Podcasting for Peace and Liberty: Interview with Rodger Paxton

Rodger

Libertarian ideology, that of respecting people’s freedom and property absolutely and only employing force in self-defense, is still a relatively fringe philosophy when applied to government. As such, media outlets generally tend to stick to disseminating views more in line with those of mainstream political parties. Because of this, liberty media oftentimes resorts to more underground and decentralized media platforms. Podcasting, with its flexible format and uncensored nature, is a natural fit for libertarian and anarchist ideas.

I interviewed Rodger Paxton of the LAVA Flow Podcast about using podcasting as a medium to advance the ideas of liberty.

The Desert Lynx: You’ve chosen podcasting as your avenue for advancing liberty. Why?

Rodger Paxton: Primarily because I listen to many podcasts myself, and there was a huge void for the type of podcast I wanted to hear. Essentially, a lot of timely information and commentary in a short package without a lot of banter and fluff. So, I created what I wanted to hear, and it has grown much larger than even I anticipated.

That’s what you wanted to hear. Is it what others want to hear as well?

RP: Based on the numbers of my listeners and the amount of money I’m bringing in for a very part-time podcast, I would say yes. My numbers have grown month-over-month every single month since I started almost two years ago. My per episode downloads also continue to rise each episode.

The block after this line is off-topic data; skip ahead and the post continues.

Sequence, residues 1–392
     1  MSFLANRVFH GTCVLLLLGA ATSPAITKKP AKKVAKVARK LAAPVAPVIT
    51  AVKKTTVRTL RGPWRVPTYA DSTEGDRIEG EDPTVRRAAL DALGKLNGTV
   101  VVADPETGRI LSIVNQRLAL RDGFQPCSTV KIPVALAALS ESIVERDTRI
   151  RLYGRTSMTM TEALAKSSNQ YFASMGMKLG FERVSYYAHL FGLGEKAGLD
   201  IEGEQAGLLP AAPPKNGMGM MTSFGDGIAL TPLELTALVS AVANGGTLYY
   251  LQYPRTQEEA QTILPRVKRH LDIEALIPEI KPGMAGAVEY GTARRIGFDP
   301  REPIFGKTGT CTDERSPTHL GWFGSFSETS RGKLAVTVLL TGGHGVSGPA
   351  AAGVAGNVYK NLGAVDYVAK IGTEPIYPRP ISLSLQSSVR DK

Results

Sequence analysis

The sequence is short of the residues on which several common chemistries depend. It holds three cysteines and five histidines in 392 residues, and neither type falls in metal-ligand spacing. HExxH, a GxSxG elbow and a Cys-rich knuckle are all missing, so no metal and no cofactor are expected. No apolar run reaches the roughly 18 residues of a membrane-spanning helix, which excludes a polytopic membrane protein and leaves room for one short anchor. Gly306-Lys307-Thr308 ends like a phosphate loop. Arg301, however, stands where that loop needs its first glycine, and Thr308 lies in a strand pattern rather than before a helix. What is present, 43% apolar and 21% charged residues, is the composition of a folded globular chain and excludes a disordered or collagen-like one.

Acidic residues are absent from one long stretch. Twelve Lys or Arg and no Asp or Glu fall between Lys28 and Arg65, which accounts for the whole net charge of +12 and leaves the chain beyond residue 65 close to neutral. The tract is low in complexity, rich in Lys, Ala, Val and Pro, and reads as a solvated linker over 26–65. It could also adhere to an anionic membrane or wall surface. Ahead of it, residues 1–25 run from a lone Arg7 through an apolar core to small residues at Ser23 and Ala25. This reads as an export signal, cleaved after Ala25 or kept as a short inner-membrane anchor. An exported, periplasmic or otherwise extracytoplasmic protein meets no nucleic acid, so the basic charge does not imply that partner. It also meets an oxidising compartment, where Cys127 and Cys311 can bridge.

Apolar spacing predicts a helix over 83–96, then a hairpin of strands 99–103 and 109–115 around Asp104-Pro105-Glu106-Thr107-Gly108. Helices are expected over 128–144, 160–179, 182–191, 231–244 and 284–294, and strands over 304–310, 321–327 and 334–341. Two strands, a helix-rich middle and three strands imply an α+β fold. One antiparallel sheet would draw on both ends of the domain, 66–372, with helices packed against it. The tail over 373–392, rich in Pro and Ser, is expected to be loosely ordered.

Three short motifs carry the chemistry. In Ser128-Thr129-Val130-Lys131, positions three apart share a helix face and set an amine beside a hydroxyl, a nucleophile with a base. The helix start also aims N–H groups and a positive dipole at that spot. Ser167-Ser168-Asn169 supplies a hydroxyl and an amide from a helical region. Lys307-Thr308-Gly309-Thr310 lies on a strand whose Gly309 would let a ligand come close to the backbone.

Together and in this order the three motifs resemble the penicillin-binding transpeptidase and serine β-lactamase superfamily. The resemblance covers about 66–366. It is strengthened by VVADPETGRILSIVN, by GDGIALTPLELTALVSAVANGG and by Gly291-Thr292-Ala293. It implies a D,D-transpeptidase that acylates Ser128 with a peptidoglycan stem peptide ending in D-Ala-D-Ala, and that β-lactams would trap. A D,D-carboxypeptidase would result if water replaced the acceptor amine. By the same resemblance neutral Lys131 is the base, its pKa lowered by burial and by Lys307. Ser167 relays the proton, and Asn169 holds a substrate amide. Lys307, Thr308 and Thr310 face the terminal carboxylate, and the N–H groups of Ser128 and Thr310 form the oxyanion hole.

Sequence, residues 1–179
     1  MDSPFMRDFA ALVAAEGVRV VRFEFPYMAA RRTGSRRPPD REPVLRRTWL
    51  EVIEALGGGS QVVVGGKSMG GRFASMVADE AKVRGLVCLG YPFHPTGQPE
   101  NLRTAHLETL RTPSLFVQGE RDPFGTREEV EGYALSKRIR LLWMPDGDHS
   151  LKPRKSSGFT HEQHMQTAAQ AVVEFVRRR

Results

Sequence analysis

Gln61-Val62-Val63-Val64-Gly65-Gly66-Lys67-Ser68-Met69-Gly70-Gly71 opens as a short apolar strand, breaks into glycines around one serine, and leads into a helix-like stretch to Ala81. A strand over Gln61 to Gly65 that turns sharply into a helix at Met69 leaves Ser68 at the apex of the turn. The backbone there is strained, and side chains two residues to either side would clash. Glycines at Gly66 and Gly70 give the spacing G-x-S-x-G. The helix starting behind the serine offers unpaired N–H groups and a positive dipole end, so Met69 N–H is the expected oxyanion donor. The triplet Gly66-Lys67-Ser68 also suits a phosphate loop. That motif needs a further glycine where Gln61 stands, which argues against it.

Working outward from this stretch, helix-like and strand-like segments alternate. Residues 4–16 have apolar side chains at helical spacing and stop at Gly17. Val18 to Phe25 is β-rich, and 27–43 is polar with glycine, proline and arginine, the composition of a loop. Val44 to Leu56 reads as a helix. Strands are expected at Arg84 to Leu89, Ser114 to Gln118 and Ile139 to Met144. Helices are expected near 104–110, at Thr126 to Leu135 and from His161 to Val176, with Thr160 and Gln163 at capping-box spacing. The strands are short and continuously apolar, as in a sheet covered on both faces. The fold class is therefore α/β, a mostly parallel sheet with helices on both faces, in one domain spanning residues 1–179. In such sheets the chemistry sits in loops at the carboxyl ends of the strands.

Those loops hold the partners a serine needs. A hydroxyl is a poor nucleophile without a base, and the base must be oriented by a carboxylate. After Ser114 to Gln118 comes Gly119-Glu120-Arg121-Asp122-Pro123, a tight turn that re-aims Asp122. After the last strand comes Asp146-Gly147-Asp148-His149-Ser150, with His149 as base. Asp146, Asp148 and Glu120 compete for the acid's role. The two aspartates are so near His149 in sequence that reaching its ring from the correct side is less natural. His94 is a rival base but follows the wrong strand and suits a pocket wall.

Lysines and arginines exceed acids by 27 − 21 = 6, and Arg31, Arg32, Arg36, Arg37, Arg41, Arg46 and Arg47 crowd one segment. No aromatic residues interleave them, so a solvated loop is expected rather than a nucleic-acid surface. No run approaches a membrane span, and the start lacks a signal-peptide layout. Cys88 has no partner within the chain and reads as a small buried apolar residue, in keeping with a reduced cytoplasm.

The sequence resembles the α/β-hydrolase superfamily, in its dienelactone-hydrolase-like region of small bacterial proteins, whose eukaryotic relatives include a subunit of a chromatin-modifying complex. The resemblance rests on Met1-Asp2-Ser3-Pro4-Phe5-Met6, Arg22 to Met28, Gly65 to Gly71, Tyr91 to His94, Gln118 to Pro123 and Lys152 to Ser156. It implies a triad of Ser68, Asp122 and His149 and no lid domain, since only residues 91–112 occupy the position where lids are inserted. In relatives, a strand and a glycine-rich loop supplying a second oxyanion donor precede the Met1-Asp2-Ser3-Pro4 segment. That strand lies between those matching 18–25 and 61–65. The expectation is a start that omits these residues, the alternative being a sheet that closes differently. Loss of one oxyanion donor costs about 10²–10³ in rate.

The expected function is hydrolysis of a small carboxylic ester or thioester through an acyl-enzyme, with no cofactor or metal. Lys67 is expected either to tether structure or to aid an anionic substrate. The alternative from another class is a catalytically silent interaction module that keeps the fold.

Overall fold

Do you think most listeners are just like you? In other words, do you think you’re preaching to the choir?

RP: For the most part my listeners are already libertarian, yes. Many are minarchists and many are anarcho-capitalist. I’ve had several of my listeners, including one I spent a lot of time with at PorcFest, tell me that they transitioned from minarchism to anarchism because of The LAVA Flow Podcast. The primary function of the show is to educate and entertain libertarians.

So it’s a primary a “refining tool” to polish up the liberty-loving and liberty-curious into intellectually consistent anarchist types?